This makes her feel more secure. One hears a great deal about security. It has become the golden calf of today. When one stops to analyze what is meant by it, one soon learns that it has little to do with jobs, with income, or with social status, but is a subjective feeling derived usually from a certain sense of approbation and depending more on selfapprobation than on anything else.
This is the rock on which many young college women founder. To have the affection and esteem of a young man whom they admire seems to many the safest bulwark against their selfdoubt and their feelings of insufficiency.
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But the young man is often very young, far less ready for a real, rewarding, and growing relationship than is the girl. And so the bulwark often turns out to be but a slender reed, at least from the point of view of her needs. Naturally enough, this may lead to trouble. The single most frequently encountered emotional disturbance among these young women is depression.
Sometimes it is so sweeping that little seems left of the normally functioning personality, and there may then be a real risk of suicide. Fortunately, this is relatively rare. What is common, however, in the college girl is a loss of zest, a feeling of apathy or fatigue, and an apparent need for extra hours of sleep, a very much lowered self-esteem, with sensitivity to other people's opinions and reactions, and, above all, an inability to get work done.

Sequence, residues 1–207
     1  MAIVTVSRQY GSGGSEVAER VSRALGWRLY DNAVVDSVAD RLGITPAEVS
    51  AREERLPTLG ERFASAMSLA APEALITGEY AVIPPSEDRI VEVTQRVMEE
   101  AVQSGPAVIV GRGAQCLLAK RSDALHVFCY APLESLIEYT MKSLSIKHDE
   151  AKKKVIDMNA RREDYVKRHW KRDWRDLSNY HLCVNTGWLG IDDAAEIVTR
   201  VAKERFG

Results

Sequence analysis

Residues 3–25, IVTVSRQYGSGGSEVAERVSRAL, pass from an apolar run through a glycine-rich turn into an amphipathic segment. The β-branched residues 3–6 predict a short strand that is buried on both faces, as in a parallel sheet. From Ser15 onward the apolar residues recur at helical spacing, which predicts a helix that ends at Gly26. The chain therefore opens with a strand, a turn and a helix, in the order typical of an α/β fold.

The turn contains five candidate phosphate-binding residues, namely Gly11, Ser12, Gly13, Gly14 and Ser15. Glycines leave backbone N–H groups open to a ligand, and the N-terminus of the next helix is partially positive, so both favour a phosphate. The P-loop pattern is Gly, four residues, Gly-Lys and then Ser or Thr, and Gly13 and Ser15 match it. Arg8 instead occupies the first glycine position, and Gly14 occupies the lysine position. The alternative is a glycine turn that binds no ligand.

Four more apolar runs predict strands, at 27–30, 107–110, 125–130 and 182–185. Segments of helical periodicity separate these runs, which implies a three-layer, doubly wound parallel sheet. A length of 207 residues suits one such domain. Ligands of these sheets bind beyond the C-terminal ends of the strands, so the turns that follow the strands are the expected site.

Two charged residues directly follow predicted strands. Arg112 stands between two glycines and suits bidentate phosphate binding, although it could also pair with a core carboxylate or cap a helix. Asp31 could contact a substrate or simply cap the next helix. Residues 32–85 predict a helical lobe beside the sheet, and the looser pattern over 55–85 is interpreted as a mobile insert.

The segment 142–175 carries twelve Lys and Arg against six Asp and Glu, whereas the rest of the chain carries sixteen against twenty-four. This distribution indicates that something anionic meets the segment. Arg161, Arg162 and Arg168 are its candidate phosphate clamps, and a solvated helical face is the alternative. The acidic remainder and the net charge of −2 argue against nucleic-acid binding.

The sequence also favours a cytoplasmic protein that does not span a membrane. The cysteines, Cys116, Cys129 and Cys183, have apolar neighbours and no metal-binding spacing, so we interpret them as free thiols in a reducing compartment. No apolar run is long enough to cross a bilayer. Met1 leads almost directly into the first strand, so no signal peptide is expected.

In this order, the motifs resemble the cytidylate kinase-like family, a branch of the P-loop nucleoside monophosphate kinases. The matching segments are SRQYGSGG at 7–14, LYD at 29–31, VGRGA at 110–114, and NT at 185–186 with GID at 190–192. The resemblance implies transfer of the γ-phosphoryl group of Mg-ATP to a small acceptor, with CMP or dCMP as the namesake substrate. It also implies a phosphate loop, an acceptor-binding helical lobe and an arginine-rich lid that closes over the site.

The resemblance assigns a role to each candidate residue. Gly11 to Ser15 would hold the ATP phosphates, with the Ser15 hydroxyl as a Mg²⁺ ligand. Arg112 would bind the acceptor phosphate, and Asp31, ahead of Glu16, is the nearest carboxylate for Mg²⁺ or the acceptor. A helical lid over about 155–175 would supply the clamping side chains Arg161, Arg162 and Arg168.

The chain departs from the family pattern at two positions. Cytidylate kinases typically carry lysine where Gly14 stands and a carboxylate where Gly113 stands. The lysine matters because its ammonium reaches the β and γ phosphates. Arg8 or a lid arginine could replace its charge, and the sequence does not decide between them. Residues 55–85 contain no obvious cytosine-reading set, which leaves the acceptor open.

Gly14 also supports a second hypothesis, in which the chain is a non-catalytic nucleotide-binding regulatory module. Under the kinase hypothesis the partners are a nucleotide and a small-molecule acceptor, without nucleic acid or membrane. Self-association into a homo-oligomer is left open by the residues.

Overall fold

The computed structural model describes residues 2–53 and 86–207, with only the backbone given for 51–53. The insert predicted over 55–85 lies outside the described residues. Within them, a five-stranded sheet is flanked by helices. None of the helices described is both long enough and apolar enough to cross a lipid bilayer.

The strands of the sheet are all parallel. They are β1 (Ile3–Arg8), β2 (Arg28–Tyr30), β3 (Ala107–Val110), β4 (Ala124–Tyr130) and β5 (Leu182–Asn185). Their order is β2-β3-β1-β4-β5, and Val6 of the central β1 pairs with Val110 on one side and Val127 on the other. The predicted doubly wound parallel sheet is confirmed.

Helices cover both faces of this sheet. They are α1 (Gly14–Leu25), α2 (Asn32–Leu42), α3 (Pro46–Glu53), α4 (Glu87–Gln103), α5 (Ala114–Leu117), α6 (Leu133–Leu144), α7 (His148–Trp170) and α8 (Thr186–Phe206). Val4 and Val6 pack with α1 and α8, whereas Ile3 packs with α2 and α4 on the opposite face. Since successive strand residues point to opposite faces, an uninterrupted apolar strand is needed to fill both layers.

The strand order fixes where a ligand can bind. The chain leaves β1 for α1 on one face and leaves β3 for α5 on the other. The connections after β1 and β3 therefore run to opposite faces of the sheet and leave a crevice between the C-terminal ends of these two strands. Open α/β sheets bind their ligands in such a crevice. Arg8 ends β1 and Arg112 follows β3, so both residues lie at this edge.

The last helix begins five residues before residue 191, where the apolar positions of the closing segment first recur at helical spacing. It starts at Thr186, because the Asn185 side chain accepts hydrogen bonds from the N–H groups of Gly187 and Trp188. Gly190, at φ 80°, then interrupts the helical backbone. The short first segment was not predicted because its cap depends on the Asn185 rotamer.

To hand in written material on time means somehow to commit oneself, to expose oneself to comment and criticism before which failing spirits falter. Often the printed page seems to lack meaning; attention, concentration, and comprehension are at a low level.
Instead, there is brooding, daydreaming, mounting dissatisfaction with self, and a feeling of guilt because of time and opportunities wasted guilt tinctured with anxiety: "What will happen to me? At high school I was third in my class of and was President of Student Council. This phenomenon, in greater or lesser degree, is sufficiently common to be called "normal. It has been described by some as an identity crisis, by others as adolescent turmoil.
Behind it there are, of course, feelings of inadequacy, selfabsorption, worry, and accompanying anxiety. The significant facts are the lowered selfesteem and the diminution in zest, energy, and capacity to function in a creative way. The depression seems to be a kind of declaration of dependence, of helplessness, and a muted cry for help as well. And it occurs at some time and in varying intensity in practically every girl during her career at college.
Now, the student who experiences this need not be severely neurotic, nor are these manifestations necessarily evidence of any profound or abnormal emotional disturbance. They may simply represent in a freshman, for example the first response of a sensitive, naive adolescent to a new, frighteningly complicated, and sophisticated environment. After all, some of these girls are only sixteen or barely seventeen. They may have come from small towns, and they may be the first ones from their high schools to be accepted in one of the major women's colleges.
All eyes are on them, and their parents are inordinately proud. The girls feel that they are in heaven at last. But they soon find the atmosphere rarefied and the air heady. They may never before have had to work hard, even in order to lead their classes. They are asked to write a paper not on the character of Silas Marner or on the most interesting experience they had during their summer vacations in many high schools they are not given any written assignments , but, for example, on "The Relation of Leonardo's Writing to His Painting and to Fifteenthcentury Art in General.